02.12.09 Updated 26.01.10. Further updates
EXCLUSIVE by Mark Watts
Four “overseers” are to monitor the formation of the London photographers’ branch of the national union of journalists following accusations of a far-left attempted hijack.
  But I can reveal that three of the four are them-selves “NUJ Left”, the political faction inspired by the socialist workers party (SWP) that is at the centre of the accusations.
  Jeremy Dear, NUJ general secretary, has decided to bring in the four in response to photographer David Hoffman’s publication of comments exposing what he sees as the attempted takeover of the new branch by “NUJ Left”.
  Dear’s decision on the four “overseers” is bound to undermine any attempt to reassure photographers, first, that the branch will genuinely represent their interests rather than those of “NUJ Left”, and second, that it will be governed – and its officials elected – democratically.
  Hoffman, who had been one of four key figures setting up the branch, said last month in a posting on a forum for NUJ photographers that he had become “a useful patsy to disguise the real underlying aim of building a power base for NUJ Left.”
  “The branch will in reality be directed by the de-mands of an entirely separate unelected group with its own very different aims and plans.” He named the three other figures behind the branch as following an agenda set by “NUJ Left”.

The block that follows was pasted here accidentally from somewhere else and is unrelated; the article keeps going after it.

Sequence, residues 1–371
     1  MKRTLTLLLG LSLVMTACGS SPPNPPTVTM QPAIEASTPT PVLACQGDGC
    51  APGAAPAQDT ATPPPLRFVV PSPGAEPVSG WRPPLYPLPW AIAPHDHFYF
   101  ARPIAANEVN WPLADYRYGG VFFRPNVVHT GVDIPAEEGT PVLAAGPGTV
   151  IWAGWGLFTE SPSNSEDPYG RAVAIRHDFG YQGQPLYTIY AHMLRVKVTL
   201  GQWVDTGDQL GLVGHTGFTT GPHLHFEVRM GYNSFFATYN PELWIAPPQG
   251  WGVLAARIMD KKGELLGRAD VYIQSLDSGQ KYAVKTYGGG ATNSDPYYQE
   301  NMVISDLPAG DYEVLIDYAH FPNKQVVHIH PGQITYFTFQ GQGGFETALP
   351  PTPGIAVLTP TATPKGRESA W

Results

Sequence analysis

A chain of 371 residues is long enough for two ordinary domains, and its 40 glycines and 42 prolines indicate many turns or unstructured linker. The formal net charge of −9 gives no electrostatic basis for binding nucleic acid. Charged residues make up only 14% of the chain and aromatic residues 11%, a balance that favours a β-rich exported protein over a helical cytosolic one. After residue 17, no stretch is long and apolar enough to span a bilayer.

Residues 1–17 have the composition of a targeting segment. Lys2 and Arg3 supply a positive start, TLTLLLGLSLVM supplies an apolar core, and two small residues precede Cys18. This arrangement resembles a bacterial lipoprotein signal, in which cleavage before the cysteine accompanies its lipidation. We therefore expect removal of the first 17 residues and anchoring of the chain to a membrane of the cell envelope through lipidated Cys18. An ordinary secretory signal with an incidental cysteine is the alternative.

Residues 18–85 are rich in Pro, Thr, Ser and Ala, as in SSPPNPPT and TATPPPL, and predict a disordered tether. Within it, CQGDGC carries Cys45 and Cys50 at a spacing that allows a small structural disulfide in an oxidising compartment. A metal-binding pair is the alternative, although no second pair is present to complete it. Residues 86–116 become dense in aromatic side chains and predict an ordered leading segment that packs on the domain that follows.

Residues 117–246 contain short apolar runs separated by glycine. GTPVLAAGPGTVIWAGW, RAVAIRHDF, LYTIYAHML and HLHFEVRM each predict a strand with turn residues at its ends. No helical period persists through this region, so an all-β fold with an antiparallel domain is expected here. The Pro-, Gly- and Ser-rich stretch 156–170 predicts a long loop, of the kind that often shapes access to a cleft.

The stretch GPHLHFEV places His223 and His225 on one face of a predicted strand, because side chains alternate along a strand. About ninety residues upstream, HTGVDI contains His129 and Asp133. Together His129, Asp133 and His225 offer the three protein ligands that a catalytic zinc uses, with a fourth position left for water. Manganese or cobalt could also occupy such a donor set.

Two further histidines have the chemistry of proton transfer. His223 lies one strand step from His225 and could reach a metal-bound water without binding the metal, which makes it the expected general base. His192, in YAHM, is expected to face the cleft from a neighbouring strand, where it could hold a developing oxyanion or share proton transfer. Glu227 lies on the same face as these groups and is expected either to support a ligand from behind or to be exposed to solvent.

Members of “NUJ Left” were planning to hold a private meeting to decide on the branch officials in advance of the LPB’s inaugural meeting.
  One of the three, Jonathan Warren, denied the accusations on behalf of the trio.
  Hoffman’s comments chimed with my revelations about “NUJ Left” made during the election for the editor of the union’s Journalist magazine.
  I have learnt from well-placed sources that Dear has won agreement from the union’s national executive council (NEC) for a plan to replace the four who were going to oversee the election of the officials of the branch, whose first meeting is scheduled for January 26.
  I understand that Dear’s plan is for the role to go to the NEC’s four London representatives, Tom Davies, Phil Sutcliffe, Pierre Vicary and Barry White.
  However, Davies, Vicary and White themselves stood for NEC elections last September as “NUJ Left” candidates, as I previously disclosed.
  Hoffman is understood to be baffled by Dear’s decision and has asked him to reconsider the plan on the grounds that it would “add to mistrust”.
  I understand that Dear is considering a request from Hoffman to appoint non-aligned NEC members to oversee the branch’s formation.
  The sources say that one idea being considered is for other non-aligned senior NUJ figures, such as John Toner, the freelance organiser, and Dave Rotchelle, chairman of the London freelance branch, to observe the establishment of the branch and the election of its officials.
  Update 26.01.10: The branch held its first meeting tonight, and, as predicted, “NUJ Left” members dominate its committee. Hoffman declined to accept a nomination to stand for a committee post. Meanwhile, it emerged that LPB has attracted only 57 members so far – far fewer than originally envisaged at this stage.
Mark Watts – freelance journalist, broadcaster and FOIA Centre co-ordinator – stood in the election for editor of the Journalist, polling third. He is not a member of any political party or group.

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Three of Dear’s four LPB ‘overseers’ are ‘NUJ Left’